Examining how a more complex political situation is covered by the U.S. media, Ooi and D’Arcangelis (2017) used qualitative discourse analysis to explore how American news outlets construct images of China within their discourse. The researchers suggested that discourses surrounding China were aimed at justifying U.S. political actions to ‘keep them in line’ (Ooi and D’Arcangelis 2017, 269). Despite a mutually beneficial relationship between the U.S. and China, such constructions represented China as a potential enemy and thus, the ‘other’. The first of the constructions discussed China as a cheat, with reference to U.S. doubts over how they value their own currency, something which directly impacts on U.S.-China trade relations. The second construction implied that China was a ‘cyber thief’ and that they had developed ways to infiltrate U.S. government computer systems and thus gain access to confidential information. The last of the constructions identified represents China as a « lawless bully » (Ooi and D’Arcangelis 2017, 276) with reference to its territorial disputes in the South China Sea with neighbouring countries Vietnam and the Phillipines. It is of interest to explore how U.S. news outlets discuss and represent China within their discourse for two reasons. Firstly, the political differences between the two countries mean that, should China not be so powerful economically, it is probable to suggest that they, just like most other nations under a communist regime, would become the subject of U.S.-led sanctions. Secondly, it offers further insight into how the U.S. media attempt to maintain suspicion of China amongst their readers, which one can credibly assume, would contribute to or go some way to creating a generally negative feeling towards the country within the U.S.
Whilst this introductory section of the research review offers a somewhat general overview of how Western media outlets create and maintain certain actors or nations as the ‘enemy’ or the ‘other’, the insights produced by these studies provide important context when looking at how Fox News are able to communicate the aggressive sentiment established by U.S. political elites against North Korea. It, above all, establishes the media’s willingness to reciprocate the rhetoric produced by those in power and their equal desire to disseminate such ideas to their audiences. The next section of this literature review will take a more specific look at how North Korea has been discussed within Western news media discourse.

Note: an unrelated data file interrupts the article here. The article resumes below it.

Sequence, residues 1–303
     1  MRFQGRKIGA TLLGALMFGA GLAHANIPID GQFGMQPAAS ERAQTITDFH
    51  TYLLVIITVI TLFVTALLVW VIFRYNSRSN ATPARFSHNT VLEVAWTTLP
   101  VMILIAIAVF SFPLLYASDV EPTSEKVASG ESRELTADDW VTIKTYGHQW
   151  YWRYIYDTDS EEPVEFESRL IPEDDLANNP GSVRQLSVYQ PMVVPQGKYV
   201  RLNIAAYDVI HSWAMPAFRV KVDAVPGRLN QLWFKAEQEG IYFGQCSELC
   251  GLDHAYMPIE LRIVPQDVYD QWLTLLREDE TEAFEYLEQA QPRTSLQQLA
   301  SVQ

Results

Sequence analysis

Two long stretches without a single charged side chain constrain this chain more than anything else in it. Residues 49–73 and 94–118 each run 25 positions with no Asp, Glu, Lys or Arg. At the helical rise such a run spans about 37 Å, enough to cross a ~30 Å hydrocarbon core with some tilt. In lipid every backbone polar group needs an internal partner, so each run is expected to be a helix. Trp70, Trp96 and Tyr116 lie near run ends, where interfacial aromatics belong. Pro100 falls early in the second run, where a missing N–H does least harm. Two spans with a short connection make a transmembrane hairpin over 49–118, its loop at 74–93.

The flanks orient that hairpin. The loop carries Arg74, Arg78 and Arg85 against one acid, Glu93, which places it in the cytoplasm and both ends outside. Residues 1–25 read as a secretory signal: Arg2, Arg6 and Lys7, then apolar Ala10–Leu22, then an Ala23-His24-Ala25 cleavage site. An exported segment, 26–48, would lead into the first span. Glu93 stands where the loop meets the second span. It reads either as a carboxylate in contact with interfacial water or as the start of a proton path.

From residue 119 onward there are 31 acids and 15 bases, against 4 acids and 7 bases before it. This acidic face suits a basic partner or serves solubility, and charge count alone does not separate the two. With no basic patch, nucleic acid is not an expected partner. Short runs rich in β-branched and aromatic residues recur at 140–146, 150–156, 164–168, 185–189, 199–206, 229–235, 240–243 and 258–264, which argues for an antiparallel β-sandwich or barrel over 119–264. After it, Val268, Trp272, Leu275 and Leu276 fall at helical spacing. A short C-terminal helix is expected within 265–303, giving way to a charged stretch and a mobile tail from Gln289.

Western media outlets on North Korea
In order to explore how Fox News discuss North Korea within their news discourse, it is important to note how the broader Western media have approached reportage of the “hermit state” (Callick 2014), an area of study which has also been the focus of much scholarly attention (Dalton et al. 2016, Choi 2010, Yoon and Wilson 2016, Jang 2013, West 2017, Kim 2014).
In critical discourse analysis carried out by Dalton et al. (2016) looking at the dominant metaphors and media frames present in Australian news media coverage of North Korea, researchers found evidence of “media complicity” (Dalton et al. 2016, 523) through a collective willingness to reinforce a “negative, adversarial orientation” (Dalton et al. 2016,523) towards the country and its political regime. The findings also showed that such constructions often followed the nature of Australian political discourse on the subject and that “US policy and position” (Dalton et al. 2016, 542) often influenced media and political discourse regarding North Korea. Focusing on specifically American media discourse regarding North Korea, Choi (2010) analysed the construction of North Korea’s national image in popular newspapers The New York Times and The Washington Post. During this study, Goffman’s (1986) framing theory provides an important theoretical perspective through which the research is carried out, similar to that of Dalton et al. (2016). Similar too are the findings of the study which again, reiterate the dominance of negative constructions in the representation of North Korea within media coverage. An important link to how the political tensions with North Korea are communicated via media coverage was identified by Yoon and Wilson (2016), who compared the constructions within Western coverage of North Korean participation in the London 2012 Olympic Games with South Korean coverage of the same subject. It was found that Western coverage focused on political controversies and dismissed the efforts of North Korean athletes, whereas South Korean coverage contained